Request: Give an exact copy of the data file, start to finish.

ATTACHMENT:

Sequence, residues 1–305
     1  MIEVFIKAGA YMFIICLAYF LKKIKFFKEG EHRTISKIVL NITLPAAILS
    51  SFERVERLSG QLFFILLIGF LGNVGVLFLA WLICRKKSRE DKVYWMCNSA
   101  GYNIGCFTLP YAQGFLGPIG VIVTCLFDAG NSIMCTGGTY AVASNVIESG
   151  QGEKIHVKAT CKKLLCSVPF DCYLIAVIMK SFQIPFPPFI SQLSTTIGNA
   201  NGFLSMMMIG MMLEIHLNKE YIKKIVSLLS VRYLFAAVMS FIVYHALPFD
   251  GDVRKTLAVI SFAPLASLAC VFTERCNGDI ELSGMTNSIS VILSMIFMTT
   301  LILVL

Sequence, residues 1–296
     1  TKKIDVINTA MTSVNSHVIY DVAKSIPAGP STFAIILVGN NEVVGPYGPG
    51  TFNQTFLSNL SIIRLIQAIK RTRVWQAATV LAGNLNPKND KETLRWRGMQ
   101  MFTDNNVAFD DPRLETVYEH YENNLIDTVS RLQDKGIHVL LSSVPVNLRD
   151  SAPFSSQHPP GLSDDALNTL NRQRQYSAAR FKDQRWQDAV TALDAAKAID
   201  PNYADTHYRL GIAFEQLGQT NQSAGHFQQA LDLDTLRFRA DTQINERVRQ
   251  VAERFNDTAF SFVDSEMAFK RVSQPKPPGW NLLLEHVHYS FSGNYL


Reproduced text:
Sequence, residues 1–305
     1  MIEVFIKAGA YMFIICLAYF LKKIKFFKEG EHRTISKIVL NITLPAAILS
    51  SFERVERLSG QLFFILLIGF LGNVGVLFLA WLICRKKSRE DKVYWMCNSA
   101  GYNIGCFTLP YAQGFLGPIG VIVTCLFDAG NSIMCTGGTY AVASNVIESG
   151  QGEKIHVKAT CKKLLCSVPF DCYLIAVIMK SFQIPFPPFI SQLSTTIGNA
   201  NGFLSMMMIG MMLEIHLNKE YIKKIVSLLS VRYLFAAVMS FIVYHALPFD
   251  GDVRKTLAVI SFAPLASLAC VFTERCNGDI ELSGMTNSIS VILSMIFMTT
   301  LILVL

Sequence, residues 1–296
     1  TKKIDVINTA MTSVNSHVIY DVAKSIPAGP STFAIILVGN NEVVGPYGPG
    51  TFNQTFLSNL SIIRLIQAIK RTRVWQAATV LAGNLNPKND KETLRWRGMQ
   101  MFTDNNVAFD DPRLETVYEH YENNLIDTVS RLQDKGIHVL LSSVPVNLRD
   151  SAPFSSQHPP GLSDDALNTL NRQRQYSAAR FKDQRWQDAV TALDAAKAID
   201  PNYADTHYRL GIAFEQLGQT NQSAGHFQQA LDLDTLRFRA DTQINERVRQ
   251  VAERFNDTAF SFVDSEMAFK RVSQPKPPGW NLLLEHVHYS FSGNYL